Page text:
In 1967 Fenner became Director of JCSMR and Gordon Ada was appointed head of Microbiology. Ada built on the strong virology group Fenner had established and appointed a series of immunologists to develop the field of viral immunology. Thus, between Fenner and then Ada, the wheels were set in motion for the Nobel prize winning work of Doherty and Zinkernagel at JCSMR in the early ’70s.
Frank retired from JCSMR in 1973 but did not stop working – founding a new centre at the ANU dedicated to the study of the environment and sustainable use of resources, another lifetime passion.
Fenner finally retired in 1979 and amazingly began a near thirty-year period of further work as emeritus professor and visiting scientist at JCSMR. It was from his little office in JCSMR that a new generation of scientists, including myself, got to know and love this humble man. He would come to work at 7am each morning and work till around 3pm. Each morning he would sit for tea and discuss events with students and postdocs. His mental acuity never wavered with his age and his grace and work ethic were an inspiration. During this time he regularly updated his many popular virology textbooks, wrote histories of JCSMR, of Microbiology, and of the Australian Academy of Sciences as well as his autobiography and biography of his father.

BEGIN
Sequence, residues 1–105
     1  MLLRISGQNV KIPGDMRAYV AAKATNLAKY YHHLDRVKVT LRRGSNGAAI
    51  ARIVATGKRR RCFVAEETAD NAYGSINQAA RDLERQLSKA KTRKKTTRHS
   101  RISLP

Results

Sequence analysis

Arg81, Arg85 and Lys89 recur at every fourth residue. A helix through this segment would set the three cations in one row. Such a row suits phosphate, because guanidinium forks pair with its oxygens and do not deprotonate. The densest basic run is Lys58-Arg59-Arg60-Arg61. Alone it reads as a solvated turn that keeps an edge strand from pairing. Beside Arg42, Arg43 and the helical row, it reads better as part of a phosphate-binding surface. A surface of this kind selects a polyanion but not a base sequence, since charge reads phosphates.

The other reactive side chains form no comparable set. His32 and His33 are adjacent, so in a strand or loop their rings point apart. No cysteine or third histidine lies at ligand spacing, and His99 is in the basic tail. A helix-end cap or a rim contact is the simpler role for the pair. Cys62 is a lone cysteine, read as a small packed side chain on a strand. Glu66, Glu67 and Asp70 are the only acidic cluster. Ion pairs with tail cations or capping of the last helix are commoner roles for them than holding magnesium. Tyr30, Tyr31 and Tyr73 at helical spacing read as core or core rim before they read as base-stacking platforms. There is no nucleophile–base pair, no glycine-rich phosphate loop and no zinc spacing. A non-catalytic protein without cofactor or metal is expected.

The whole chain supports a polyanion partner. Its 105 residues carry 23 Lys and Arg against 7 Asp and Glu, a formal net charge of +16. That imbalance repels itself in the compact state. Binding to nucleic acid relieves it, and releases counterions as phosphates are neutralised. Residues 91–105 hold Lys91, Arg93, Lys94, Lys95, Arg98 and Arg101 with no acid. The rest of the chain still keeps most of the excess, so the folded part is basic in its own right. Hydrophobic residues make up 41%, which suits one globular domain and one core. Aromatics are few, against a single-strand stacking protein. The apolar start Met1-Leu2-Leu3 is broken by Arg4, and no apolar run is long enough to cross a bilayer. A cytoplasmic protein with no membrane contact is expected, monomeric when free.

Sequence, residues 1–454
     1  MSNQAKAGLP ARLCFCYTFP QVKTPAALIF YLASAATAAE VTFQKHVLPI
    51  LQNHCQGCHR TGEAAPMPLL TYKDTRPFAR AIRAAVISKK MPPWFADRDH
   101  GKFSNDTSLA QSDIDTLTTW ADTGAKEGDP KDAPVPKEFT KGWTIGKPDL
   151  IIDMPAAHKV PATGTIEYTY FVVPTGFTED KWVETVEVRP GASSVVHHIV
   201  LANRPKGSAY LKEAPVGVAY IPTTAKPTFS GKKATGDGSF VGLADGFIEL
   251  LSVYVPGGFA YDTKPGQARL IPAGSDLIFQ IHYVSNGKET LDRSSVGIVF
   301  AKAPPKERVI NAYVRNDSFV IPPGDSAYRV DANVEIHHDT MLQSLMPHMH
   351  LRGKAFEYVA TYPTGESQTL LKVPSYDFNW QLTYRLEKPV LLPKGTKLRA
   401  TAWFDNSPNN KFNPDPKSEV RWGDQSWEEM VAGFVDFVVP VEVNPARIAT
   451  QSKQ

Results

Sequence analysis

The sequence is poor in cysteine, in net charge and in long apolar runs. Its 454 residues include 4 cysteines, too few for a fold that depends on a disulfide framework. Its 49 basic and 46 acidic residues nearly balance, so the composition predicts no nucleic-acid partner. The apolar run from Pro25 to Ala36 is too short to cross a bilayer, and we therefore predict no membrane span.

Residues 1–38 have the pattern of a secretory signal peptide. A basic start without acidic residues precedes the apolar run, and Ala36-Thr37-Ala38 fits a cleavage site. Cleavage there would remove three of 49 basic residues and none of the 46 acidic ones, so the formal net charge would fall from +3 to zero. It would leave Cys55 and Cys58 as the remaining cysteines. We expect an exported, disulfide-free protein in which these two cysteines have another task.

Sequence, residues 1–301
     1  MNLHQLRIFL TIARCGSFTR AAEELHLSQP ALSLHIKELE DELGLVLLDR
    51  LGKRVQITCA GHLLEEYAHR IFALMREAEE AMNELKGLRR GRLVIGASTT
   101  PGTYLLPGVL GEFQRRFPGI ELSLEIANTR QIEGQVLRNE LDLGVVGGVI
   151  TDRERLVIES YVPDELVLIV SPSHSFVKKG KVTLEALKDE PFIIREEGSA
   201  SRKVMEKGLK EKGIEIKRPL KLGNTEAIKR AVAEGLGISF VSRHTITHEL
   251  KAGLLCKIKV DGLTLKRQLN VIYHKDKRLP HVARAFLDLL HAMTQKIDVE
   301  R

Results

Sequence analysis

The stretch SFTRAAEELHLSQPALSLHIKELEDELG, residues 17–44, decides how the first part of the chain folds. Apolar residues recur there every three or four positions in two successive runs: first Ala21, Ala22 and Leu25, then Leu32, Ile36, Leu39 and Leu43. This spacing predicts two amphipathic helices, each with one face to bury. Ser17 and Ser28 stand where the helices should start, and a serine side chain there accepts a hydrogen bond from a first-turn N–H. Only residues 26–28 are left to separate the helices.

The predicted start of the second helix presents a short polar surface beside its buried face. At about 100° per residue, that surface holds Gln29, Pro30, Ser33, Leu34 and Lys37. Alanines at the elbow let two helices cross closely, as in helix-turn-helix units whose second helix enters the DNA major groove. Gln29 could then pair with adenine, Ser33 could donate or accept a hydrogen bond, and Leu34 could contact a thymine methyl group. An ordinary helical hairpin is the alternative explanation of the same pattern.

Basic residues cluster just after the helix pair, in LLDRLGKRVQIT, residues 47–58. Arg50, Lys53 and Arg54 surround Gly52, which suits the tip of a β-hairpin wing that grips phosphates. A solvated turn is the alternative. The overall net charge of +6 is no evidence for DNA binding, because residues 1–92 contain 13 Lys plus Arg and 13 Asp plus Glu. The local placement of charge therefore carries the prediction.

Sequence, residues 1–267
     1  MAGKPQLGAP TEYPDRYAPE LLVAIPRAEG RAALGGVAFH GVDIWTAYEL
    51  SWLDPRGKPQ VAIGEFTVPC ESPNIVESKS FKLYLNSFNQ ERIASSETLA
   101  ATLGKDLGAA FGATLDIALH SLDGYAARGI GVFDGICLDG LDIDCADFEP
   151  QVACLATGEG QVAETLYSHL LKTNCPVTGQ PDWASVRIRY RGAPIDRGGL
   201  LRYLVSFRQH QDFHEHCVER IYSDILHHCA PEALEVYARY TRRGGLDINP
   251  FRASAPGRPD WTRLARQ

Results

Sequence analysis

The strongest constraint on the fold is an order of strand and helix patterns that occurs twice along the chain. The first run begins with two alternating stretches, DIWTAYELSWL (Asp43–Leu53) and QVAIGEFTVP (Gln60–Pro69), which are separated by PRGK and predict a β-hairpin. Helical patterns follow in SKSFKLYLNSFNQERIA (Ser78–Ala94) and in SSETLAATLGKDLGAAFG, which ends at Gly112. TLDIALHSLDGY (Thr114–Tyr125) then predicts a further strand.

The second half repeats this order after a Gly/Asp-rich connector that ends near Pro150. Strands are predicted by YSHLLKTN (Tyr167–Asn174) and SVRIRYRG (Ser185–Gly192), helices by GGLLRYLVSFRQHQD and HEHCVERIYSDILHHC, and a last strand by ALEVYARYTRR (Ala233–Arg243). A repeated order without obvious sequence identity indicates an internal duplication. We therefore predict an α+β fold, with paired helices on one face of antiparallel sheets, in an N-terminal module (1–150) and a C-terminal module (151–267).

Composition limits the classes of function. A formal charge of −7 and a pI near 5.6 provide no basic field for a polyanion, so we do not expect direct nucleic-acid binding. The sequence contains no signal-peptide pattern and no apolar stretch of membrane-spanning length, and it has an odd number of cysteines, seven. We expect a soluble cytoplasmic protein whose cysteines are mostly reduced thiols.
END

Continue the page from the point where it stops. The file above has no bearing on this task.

I would like to finish with a personal story to illustrate the generous spirit of Frank Fenner the person, which itself is deservedly legendary.
In 2007 we held celebrations at WEHI for the anniversary of the development of the clonal selection theory and Frank Fenner was one of the first invited. He was 91 at this time and I was nervous about his frailty and ability to travel. I had no need to worry. Frank attended every session and delivered a very memorable talk. At the final celebration dinner I asked him to let me know when he was ready to go back to his hotel. At around 10.30pm I noticed Frank signalling to me. I went over to him and asked if he was ready to go. “Oh no,” said Frank, “I would like to say something”. We hurriedly found a microphone and Frank rose to speak. He showed his dry sense of humour and extraordinary memory by telling numerous funny stories about Burnet and their times together. Most memorable was the story of when Frank and his wife Bobbie arrived in Melbourne in 1950 to begin a period of work at the WEHI. Burnet was days away from heading off to England on sabbatical and asked Frank whether he would mind looking after his house while he was away. “No problem,” said Frank, “that will be very suitable”. “Oh,” Burnet replied, “and you won’t mind looking after the children too.” And so it came about that for many months, Frank and Bobbie Fenner ‘family sat’ for Burnet – looking after the house and the teen aged children. From his obvious enjoyment of this story it was clear that even Frank, the most generous of men, realised this was going above and beyond the call of duty.
It is fair to conclude that going above and beyond any ordinary sense of duty has earned Frank Fenner his place as one of the greatest servants of Australian science.
To quote Gus Nossal:
"What a life, what a career, what generosity of spirit - We shall not see his like again!"